PITTSBURGH — The Pittsburgh Steelers insist all is not lost, that their season remains salvageable.
If so, the winning needs to start in a place they rarely do against a quarterback they’ve never beaten on the road.
No big deal.
It’s only Tom Brady and the rebuilt on the fly yet somehow still formidable New England Patriots.
All due respect to the future Hall of Famer, Steelers linebacker LaMarr Woodley isn’t really concerned about who lines up in the backfield for the first-place Patriots (6-2) on Sunday.
Sure, playing in New England against a team that is finding ways to win isn’t ideal.
After an embarrassing loss to Oakland last weekend dropped Pittsburgh to 2-5, Woodley is more concerned about his own team’s significant issues than trying to explain why Brady has dominated the Steelers for more than a decade.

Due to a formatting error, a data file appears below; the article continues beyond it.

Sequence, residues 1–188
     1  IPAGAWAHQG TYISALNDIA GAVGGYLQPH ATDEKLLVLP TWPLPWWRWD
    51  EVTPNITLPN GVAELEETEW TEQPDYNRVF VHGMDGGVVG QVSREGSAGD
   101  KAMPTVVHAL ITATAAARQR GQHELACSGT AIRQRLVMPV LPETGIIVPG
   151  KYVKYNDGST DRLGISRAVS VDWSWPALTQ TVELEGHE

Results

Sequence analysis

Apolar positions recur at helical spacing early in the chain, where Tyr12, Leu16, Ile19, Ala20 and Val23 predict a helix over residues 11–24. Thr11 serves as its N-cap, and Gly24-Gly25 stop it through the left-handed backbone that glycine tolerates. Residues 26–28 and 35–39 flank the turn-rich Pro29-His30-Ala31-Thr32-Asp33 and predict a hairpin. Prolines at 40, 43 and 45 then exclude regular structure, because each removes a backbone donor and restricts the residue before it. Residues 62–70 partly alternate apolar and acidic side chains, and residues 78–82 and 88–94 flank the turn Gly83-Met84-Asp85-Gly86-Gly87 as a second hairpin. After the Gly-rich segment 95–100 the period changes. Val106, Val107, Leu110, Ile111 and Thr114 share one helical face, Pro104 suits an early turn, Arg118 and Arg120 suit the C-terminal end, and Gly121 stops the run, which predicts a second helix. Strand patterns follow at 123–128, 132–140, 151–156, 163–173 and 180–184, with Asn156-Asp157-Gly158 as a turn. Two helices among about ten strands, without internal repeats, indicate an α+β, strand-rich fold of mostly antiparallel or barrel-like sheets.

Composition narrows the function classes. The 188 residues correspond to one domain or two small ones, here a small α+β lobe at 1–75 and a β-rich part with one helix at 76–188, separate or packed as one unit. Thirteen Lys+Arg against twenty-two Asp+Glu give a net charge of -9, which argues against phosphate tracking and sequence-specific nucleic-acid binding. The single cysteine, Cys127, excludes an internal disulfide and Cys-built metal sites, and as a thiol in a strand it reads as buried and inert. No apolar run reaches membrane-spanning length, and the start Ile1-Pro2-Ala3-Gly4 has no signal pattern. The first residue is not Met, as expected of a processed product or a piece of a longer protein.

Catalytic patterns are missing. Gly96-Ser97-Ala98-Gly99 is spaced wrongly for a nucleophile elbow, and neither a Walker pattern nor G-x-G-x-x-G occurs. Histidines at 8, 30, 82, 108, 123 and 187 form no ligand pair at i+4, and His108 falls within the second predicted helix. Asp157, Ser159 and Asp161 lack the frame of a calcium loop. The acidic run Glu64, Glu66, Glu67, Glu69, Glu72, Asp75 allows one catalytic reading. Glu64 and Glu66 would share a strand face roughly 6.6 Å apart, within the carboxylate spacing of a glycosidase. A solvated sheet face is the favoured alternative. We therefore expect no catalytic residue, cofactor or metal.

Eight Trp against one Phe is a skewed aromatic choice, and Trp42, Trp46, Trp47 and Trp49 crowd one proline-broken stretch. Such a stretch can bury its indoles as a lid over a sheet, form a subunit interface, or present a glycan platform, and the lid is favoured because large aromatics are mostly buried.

“We have to get back going,” Woodley said. “No matter who is back there, we have to eliminate the mistakes.”
Something that can be difficult when Brady is on the other side of the line of scrimmage. The 36-year-old is 6-2 against Pittsburgh in his career, including a 2-0 mark at home.
He’s thrown 16 touchdowns against three interceptions in those eight meetings while averaging 275 yards passing a game, and he’s done it while working with an ever-changing roster of receivers, from Troy Brown to Randy Moss to Wes Welker to Rob Gronkowski.
“They have turnover, and he still excels,” Steelers safety Ryan Clark said. “So, you kind of become desensitized to it. If you look at his career as a whole, especially early, he never had the big-name outside receiver. The one year that he had Randy Moss, he threw 50 touchdown passes.”
On the surface, Brady appears to be slumping, at least by his remarkable standards. His passer rating of 74.9 is 20 points below his career mark. He’s on pace to throw 18 touchdowns, his fewest since his breakout year in 2001.